When I found him in Mill City that morning he had fallen on the beat and evil days that come to young guys in their middle twenties.
He was out to get back everything he’d lost; there was no end to his loss; this thing would drag on forever.
Here I was at the end of America — no more land — and now there was nowhere to go but back.
Aren’t you tired enough of yourself by now?
* * * * * *
* * * * * *
Somebody once told me — or maybe I randomly saw it on TV — that a person’s behavioral tendencies are, for the most part, cemented by the time they are, like, five years old. Imagine for a second that this is true, that you have no tangible control over your own Nature; is that something you are willing to submit to?
I don’t know; I mean, as much sense as it makes, it’s one of those things I pretend isn’t true, even though it probably is. I suppose if ignorance is bliss then I’m a sad man by choice. I don’t recall what it was like to be a five year-old, aside the general Let’s All Learn The Alphabet and Paint Pictures From Recycled Chocolate Milk Cartons On Warn Paper. I don’t remember what it was like being a five year-old because nothing was really worth remembering back then.
There was a time, maybe a few years back, where I felt a pretty deep connection to existentialism, probably from reading The Fountainhead and Crime and Punishment in succession. I became so bent on personal growth, as if the universe was pulling me in a different direction against my will, and the concept of objectivism made too much sense to pass up. A bonafide contrarian till the death of me, it was my elixir from the Brave New World-style predestination that I never rationally invested myself in; I was also proud to break the chains of tradition within my paleo-conservative foundation of religious relatives.
There was just something magical and wonderful about the idea that everything doesn’t happen for a reason. After all, for all the good I’ve accomplished, and all the bad I’ve done and am going to do, these are things under my own control, for better or for worse, and I’m regrettably comfortable wearing the outcome like a millstone. And so it is.
Nowadays, either to simplify my reality or through sheer neglect, my former existential worldview has slowly deteriorated. Or, maybe it’s just engrained in me to the effect that it’s not even worth mentioning anymore. I’m not sure. As a truth, it’s clear that if I wanted to change, I could simply change and that would be the end of the story. However, if there was to be a trump card to reason and logic, it would have to be Nature; my Nature, that is; the person I sadly and uncontrollably am. If that person was locked into place as a five year-old then it wouldn’t matter if I was objectivist, or whether or not I believed in god; it would just be. In a Darwinist sort of way, I would be at the mercy of what cannot be controlled, which, seemingly, is just as intellectually frustrating as if there was a god and everything was predetermined.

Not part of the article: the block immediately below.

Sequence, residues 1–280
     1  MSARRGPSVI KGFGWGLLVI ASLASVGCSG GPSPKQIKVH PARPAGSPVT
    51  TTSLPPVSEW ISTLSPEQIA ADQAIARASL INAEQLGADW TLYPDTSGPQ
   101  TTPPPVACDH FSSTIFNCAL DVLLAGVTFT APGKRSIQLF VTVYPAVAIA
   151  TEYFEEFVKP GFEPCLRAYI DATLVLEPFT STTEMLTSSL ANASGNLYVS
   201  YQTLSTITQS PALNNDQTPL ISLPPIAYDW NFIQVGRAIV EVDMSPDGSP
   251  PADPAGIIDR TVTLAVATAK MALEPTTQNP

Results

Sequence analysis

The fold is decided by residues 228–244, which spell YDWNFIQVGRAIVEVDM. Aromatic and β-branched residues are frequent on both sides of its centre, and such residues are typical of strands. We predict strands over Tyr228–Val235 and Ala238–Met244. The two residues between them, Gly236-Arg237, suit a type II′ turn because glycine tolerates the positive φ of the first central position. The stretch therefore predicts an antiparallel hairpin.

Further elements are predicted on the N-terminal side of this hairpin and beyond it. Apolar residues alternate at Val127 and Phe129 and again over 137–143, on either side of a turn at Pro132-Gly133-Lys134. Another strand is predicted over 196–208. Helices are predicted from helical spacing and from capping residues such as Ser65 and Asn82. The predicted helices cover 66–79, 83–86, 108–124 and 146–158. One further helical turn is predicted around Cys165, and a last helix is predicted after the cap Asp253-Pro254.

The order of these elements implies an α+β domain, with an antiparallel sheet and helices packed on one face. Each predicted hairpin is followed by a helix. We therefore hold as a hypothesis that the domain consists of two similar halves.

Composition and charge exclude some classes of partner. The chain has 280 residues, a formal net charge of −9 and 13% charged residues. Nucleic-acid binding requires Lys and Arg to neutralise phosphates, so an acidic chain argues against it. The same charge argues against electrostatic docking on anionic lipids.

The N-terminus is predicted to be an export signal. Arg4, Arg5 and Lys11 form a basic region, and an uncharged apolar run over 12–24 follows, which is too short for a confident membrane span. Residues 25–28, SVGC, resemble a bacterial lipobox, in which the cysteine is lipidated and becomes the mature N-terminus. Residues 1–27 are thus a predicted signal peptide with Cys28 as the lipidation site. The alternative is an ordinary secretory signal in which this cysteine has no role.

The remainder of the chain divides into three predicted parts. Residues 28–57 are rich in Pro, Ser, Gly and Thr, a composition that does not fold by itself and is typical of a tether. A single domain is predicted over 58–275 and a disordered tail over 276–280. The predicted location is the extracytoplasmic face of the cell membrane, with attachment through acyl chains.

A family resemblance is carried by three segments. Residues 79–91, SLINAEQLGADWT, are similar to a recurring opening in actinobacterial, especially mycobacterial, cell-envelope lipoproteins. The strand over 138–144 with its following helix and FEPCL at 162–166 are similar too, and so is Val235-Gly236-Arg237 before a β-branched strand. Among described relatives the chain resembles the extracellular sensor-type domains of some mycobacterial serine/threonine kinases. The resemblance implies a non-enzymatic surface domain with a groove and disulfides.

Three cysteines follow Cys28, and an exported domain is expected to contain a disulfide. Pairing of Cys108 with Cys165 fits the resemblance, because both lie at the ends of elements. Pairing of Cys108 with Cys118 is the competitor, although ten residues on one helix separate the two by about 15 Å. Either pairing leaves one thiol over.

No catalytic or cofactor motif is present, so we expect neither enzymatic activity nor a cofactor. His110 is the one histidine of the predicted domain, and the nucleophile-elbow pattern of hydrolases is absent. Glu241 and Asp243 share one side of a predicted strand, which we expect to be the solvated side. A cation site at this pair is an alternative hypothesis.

I’m sorry about some things, and not so sorry about others, but I’ve made my bed and I’ll sleep in it, too. Experience is an invaluable commodity, and in the past I’ve deliberately acted against what I felt was right, because I fancied myself as a writer and writers need material. To feed my insatiable curiosity, sometimes I have to poke the sleeping dragon just to see what will happen next. I’ve done this enough that my appetite for trolling has understandably lessened, and now I don’t care as much to disrupt the demons that don’t need disruption. Maybe it’s some newfangled maturity that’s dawned over me, or maybe something’s died as I’ve grown older;
I used to not want to believe it, but people don’t ever truly change, and I’m no exception. I wish I’d known what you already knew.
In the end, even though it can be complicated and tough to digest, life is pretty simple, really. Things happen, and things don’t happen; people give shit, and people take shit; if you are still here to tell the story, that’s something.